"She's extremely lucky she followed the instructions or deadly force would have been used," Pare said. "And she's lucky to be in a cell as opposed to the morgue."

>.<

Edit3: Even Fox news is reporting that it "turned out to be a fake bomb". I've never been so totally aware that the news networks in this country are shot to hell.

Edit4: This is what they used when the surrounded her at gunpoint.

6 comments:

Argonaut said...

"Holy Chalupa" is right. I can't believe that the general public, even "trained professionals" are so ignorant of the technical world! I am as shocked and appalled as you are, (as you know).

Holy Chalupa.

~J

Cygnet said...

I don't really mind the general public being ignorant of circuits or electronics or even technology in general - if you don't need it in your life, you shouldn't have to know it.

But law enforcement - that's another story. If your job is to protect people from bombs, you better know what a bomb looks like.

Ian said...

Sweet holy crap. I'm starting to rethink my plan of hacking some extra bits onto my scooter ...

Does this mean that the Agarwal book should be shelved next to "The Anarchist's Cookbook" or PIHKAL?

(I'm somewhat disturbed by the whole 'surrounded at gunpoint', though I can see how it might happen. But once things are cleared up, what the hell is with the whole jail-bail-court thing? And why did the South African paper claim that "the police didn't know her motive"?

Cygnet said...

What I want to know is, why did the South African newspaper call her a "coed"? That drives me nuts. Outdated term from when women in technology were considered freaks.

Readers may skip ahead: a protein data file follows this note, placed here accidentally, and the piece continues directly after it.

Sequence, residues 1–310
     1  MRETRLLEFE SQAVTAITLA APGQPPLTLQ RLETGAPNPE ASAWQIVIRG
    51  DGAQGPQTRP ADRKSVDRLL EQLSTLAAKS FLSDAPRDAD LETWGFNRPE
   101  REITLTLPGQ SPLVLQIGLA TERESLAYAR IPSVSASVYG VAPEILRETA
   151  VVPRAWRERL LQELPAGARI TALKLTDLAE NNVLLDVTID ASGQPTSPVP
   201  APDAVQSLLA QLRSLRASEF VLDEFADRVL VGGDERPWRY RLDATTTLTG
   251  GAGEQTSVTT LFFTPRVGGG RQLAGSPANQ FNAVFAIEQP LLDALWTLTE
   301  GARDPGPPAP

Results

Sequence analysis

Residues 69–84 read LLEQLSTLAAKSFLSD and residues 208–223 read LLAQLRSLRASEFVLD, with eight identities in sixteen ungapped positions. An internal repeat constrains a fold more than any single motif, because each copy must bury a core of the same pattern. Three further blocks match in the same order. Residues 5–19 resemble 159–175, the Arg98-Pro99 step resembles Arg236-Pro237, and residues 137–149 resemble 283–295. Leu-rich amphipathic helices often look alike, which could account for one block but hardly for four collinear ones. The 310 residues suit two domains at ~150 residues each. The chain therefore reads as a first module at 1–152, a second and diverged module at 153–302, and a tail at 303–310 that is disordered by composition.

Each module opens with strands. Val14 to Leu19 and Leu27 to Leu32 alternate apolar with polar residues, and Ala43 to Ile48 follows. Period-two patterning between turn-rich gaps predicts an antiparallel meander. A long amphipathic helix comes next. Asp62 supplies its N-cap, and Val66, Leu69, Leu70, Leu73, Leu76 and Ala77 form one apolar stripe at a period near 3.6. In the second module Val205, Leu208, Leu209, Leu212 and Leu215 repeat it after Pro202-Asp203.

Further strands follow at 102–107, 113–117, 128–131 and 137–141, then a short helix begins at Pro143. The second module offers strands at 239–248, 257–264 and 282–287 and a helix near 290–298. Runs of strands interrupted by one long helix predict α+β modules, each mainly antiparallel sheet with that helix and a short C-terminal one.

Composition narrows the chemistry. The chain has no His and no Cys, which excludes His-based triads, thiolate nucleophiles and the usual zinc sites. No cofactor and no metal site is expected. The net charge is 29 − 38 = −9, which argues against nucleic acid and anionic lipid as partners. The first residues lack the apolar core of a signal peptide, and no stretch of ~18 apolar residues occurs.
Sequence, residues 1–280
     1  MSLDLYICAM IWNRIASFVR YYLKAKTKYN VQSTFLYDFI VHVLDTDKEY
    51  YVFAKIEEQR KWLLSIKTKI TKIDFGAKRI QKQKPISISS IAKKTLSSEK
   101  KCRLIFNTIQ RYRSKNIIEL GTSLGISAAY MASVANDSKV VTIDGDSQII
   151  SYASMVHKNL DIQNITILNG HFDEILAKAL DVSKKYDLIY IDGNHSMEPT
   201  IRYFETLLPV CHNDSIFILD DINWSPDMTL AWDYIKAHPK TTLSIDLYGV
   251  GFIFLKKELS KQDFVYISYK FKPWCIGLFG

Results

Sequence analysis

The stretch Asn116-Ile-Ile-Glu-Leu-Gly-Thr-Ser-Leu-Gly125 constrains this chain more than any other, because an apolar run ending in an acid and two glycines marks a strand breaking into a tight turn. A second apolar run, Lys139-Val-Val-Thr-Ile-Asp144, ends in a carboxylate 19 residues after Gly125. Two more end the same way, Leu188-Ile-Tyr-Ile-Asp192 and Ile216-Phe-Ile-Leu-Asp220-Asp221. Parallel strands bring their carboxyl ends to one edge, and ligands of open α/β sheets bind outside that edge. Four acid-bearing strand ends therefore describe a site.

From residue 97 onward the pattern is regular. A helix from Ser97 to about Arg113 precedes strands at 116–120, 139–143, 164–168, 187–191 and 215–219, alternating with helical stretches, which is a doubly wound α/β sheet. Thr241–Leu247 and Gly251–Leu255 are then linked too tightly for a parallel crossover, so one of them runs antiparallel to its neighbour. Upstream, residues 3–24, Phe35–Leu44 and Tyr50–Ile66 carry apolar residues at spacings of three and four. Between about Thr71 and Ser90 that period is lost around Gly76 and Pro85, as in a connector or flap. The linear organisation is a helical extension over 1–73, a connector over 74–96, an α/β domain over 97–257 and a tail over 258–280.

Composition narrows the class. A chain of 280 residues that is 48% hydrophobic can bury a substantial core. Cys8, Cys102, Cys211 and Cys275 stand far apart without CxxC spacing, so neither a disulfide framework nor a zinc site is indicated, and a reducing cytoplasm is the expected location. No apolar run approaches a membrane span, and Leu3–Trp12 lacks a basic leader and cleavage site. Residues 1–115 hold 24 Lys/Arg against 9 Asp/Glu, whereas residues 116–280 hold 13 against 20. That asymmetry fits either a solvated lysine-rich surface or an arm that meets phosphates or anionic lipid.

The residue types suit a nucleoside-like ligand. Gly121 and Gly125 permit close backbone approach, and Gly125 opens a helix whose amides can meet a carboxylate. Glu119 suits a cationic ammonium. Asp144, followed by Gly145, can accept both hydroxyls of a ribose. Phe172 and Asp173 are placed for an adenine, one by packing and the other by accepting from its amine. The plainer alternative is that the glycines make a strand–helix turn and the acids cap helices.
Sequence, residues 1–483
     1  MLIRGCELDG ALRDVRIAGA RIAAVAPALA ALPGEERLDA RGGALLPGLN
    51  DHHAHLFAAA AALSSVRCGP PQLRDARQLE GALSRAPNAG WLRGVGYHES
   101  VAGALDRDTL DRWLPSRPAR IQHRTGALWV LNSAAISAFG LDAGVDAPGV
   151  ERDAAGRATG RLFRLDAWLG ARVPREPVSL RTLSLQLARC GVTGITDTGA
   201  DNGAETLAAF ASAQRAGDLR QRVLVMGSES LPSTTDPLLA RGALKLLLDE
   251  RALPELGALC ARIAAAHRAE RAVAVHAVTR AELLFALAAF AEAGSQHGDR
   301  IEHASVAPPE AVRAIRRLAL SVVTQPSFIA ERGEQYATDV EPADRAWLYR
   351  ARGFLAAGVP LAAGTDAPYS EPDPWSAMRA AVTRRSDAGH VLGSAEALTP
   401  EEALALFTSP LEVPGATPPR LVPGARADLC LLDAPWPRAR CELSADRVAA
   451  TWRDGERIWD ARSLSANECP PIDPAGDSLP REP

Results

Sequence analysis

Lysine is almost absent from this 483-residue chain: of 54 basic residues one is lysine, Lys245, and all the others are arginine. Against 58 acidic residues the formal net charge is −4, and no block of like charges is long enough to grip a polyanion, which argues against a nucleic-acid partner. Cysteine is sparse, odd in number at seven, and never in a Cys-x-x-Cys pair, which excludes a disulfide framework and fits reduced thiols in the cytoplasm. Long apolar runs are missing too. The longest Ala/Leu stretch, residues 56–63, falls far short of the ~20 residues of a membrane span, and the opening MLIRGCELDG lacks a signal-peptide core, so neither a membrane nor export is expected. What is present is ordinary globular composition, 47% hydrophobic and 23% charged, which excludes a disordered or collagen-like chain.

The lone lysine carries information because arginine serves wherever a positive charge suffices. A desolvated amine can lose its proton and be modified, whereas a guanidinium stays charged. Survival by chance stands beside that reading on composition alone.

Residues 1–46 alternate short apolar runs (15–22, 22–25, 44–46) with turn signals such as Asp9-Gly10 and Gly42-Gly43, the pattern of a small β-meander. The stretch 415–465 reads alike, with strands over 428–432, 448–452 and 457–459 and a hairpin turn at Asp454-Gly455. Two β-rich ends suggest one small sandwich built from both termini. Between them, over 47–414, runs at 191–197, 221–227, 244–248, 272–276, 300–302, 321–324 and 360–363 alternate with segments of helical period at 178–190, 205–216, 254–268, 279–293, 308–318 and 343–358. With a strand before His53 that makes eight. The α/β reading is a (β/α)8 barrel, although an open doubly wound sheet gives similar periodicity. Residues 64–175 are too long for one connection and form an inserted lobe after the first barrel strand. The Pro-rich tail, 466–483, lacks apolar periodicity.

DoubleYou said...

A bomb can look like anything. It could look exactly the same as what Star was wearing: if it had a programmable microcontroller on it, which you can't see from a distance (could be on the other side as well), it could be used to ignite something. The added playdough she carried, could be the plastic bomb.

It's very obvious after 9/11 that they're at most cautious for any exposed circuitry at airports. And the way US people arrest people, that's always the violent way. I can't help it you live in a violent country.

The point is that the current view of terrorism is the suicide bombers: strapping things to a larger device wouldn't be a problem (scooter for instance, hide it inside the scooter though). Also, packaging it nice makes it look less supicious.

A team from Egypt carrying a robot for a competition also was held before entering the plane. But, explanation and a view from the security, it was ok.

Cygnet said...

Yes, a bomb *detonator* can look like anything. It's true that a little breadboard could house plenty of complicated circuitry with the ability to ignite something. And because of that, I am not at all confused about why Star's name tag caused an alarm. I'm not even confused about why they arrested her.

But, you say it's "not your fault I live in a violent country" - do you mean to imply that you've accepted such actions as permanent part of the US, or that I should also accept them?

In that case I completely disagree. In my opinion, my country (well, the branch of it in Logan, anyway) reacted wrongly when they continued to press charges on Star even after they examined her "bomb" and found it was harmless. What next - will we be prohibited from bringing anything with exposed electronics in to the subway? The mall? Trains? Churches? Public concerts? Sometimes a person has to suffer discomfort when they express their freedoms (such as being questioned) but, when he or she is not hurting anybody, he or she should NEVER be held legally accountable for other peoples' ignorance. And if my country isn't there yet, I intend to talk about it.